Several studies have documented earlier onset of puberty in girls over the past few decades. In a longitudinal study following more than 1,200 girls for seven years, researchers found those with higher BMI had earlier onset of puberty, as measured by breast development, and that white girls are entering puberty at younger ages than previously reported. The study, “Onset of Breast Development in a Longitudinal Cohort,” in the December 2013 Pediatrics (published online Nov. 4), tracked girls in San Francisco, Cincinnati and New York City. The age at onset of breast development varied by race, BMI, and geographic location. In white, non-Hispanic girls, breast development began at a median age of 9.7 years, which is earlier than previously documented, according to the study authors. Black girls continue to experience breast development earlier than white girls, at a median age of 8.8 years, compared to 9.3 years for Hispanic girls and 9.7 years for Asian girls. However, BMI was a stronger predictor of puberty onset than race or ethnicity. Study authors conclude the earlier onset of puberty in white girls is likely due to greater obesity.
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Dear Mr. Dad: My fiancé and I have been engaged for a year. Four months ago, I moved in with him and became an instant step mom. His kids are 8 and 4 and I understand that they’re a priority for him. But even though we do a lot of stuff with the kids, my fiancé and I have no date nights, and basically no quality time together at all. To make things worse, there’s some tension between the kids and me, which I think is because their mother has never gotten over the divorce and wants to punish the man I’m engaged to. Unfortunately, he blames the tension on me and says I’m not doing enough to bond with the kids. I love him and the kids, but I’m not feeling loved or appreciated and it seems like my needs aren’t important to him at all. I try to talk to him about this but he won’t budge. What should I do?
A: In all honesty, I think you should move out. Your fiancé has some serious issues to deal with, and he needs to do that on his own. But it sounds like you really love him, so I’m guessing that you want to find a way to make your relationship work.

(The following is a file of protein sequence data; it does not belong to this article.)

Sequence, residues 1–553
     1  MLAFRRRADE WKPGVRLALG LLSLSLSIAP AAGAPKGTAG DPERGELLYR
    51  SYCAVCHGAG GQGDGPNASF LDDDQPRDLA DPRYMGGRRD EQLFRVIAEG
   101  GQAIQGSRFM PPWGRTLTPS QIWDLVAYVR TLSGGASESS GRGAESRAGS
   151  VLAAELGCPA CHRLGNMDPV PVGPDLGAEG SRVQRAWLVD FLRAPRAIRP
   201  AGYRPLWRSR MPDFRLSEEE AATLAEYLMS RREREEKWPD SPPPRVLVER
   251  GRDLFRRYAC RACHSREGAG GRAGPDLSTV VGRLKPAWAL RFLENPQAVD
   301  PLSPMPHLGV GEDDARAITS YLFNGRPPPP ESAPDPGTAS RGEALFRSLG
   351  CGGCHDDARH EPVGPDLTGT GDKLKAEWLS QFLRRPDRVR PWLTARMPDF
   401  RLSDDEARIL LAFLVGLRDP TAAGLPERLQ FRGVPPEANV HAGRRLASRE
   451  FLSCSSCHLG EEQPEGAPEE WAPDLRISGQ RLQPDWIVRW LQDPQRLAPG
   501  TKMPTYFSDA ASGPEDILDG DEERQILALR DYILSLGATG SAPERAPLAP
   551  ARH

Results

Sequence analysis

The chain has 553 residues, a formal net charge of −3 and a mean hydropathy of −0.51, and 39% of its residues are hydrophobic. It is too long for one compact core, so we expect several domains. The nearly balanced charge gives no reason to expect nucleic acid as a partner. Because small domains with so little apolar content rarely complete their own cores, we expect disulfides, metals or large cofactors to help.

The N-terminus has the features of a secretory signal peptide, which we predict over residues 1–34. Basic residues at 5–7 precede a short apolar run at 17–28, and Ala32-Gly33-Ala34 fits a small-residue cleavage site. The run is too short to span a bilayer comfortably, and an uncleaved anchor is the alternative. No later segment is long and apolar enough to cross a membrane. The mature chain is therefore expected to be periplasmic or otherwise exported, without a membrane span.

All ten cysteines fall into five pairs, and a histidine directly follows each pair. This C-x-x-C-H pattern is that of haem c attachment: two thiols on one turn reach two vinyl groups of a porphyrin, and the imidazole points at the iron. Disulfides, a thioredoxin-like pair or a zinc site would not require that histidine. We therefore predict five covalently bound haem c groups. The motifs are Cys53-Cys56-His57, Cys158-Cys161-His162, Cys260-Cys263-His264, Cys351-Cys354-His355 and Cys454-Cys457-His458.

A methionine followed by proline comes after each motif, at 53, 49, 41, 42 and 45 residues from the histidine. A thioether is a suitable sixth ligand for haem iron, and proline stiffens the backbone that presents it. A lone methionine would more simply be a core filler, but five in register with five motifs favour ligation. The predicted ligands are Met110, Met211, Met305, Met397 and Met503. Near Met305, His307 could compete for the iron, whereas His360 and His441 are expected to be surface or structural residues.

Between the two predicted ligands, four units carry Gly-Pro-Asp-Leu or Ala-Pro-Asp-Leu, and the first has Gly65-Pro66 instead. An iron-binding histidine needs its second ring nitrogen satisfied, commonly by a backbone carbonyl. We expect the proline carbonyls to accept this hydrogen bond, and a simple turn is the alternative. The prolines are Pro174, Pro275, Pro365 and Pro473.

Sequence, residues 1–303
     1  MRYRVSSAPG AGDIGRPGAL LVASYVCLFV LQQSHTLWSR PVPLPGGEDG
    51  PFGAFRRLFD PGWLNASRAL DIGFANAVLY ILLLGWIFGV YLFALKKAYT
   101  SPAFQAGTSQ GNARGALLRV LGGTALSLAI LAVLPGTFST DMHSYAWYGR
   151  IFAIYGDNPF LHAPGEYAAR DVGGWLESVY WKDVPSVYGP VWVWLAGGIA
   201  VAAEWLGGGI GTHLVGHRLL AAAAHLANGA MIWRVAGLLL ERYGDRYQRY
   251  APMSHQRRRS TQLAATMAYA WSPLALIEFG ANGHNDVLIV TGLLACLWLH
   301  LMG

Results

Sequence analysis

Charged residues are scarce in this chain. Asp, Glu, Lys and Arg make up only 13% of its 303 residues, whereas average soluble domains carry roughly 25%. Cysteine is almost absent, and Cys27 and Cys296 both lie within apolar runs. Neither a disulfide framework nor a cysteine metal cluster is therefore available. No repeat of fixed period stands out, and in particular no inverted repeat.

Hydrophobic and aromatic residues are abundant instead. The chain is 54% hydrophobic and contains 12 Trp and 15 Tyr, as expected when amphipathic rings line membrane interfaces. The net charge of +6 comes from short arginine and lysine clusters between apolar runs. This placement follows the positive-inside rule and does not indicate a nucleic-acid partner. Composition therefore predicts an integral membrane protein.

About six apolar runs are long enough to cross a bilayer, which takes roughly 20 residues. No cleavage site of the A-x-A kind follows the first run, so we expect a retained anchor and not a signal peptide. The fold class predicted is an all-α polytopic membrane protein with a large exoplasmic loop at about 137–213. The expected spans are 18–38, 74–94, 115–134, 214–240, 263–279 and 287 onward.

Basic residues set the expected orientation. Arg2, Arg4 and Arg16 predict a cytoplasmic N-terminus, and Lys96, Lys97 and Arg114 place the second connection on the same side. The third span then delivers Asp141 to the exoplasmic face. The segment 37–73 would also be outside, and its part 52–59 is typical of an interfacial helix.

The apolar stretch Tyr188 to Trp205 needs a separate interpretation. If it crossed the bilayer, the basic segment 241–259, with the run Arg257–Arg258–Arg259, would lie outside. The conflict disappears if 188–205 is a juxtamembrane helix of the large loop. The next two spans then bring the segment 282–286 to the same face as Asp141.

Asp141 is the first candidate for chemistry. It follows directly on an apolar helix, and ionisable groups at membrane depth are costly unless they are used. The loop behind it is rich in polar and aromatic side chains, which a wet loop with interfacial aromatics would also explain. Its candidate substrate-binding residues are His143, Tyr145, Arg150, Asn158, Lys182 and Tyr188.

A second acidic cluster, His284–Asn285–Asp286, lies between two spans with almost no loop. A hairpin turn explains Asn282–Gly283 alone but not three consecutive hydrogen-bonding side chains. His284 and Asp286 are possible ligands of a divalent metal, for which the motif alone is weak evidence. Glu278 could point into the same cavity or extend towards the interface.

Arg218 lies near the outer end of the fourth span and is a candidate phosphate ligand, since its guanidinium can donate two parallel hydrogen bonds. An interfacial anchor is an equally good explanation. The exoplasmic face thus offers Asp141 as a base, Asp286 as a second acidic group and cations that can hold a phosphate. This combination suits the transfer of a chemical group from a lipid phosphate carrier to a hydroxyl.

If so, the first thing you need to do is lower your expectations. Hopefully, things will get better with time, but there’s a good chance that the way things are now between you and the kids is the way they’ll always be. You say that you love them, but do you really? Think about that before you answer.
A study in Pediatrics has found violence in films has more than doubled since 1950, and the presence of gun violence in PG-13-rated films has more than tripled since the rating was introduced in 1985. The study, “Gun Violence Trends in Movies,” in the December 2013 Pediatrics (published online Nov. 11), analyzed a sample of the top-grossing films for each of the years from 1950 to 2012. Trained analysts coded each film for the presence of violence and guns during each 5-minute segment of the movie. Researchers found an overall annual increase in gun violence from 1985 to 2012, but the trend differed by movie rating. Among films rated G and PG, gun violence decreased slightly. The rate of gun violence did not change for R-rated movies. Among films rated PG-13, gun violence increased, and since 2009, PG-13 movies have contained as much or more violence than R-rated movies. The study authors conclude that even if youth do not use guns, because of the increasing popularity of PG-13 movies, they are exposed to considerable gun portrayal and violence, which may increase their aggressive behavior.
by Stew Friedman The stories we tell children transmit cultural values. Based on the surprising results of a new study my colleagues and I conducted of two generations of Wharton School graduates, I bet that today’s boys and girls are hearing new kinds of stories about men and women than the ones you heard as […]